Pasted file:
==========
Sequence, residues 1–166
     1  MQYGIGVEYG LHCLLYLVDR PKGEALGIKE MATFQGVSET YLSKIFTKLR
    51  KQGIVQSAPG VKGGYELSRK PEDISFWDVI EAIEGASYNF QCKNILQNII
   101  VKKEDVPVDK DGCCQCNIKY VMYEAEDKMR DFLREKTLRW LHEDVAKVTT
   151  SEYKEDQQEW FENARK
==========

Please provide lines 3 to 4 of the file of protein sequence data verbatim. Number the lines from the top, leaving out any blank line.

    51  KQGIVQSAPG VKGGYELSRK PEDISFWDVI EAIEGASYNF QCKNILQNII
   101  VKKEDVPVDK DGCCQCNIKY VMYEAEDKMR DFLREKTLRW LHEDVAKVTT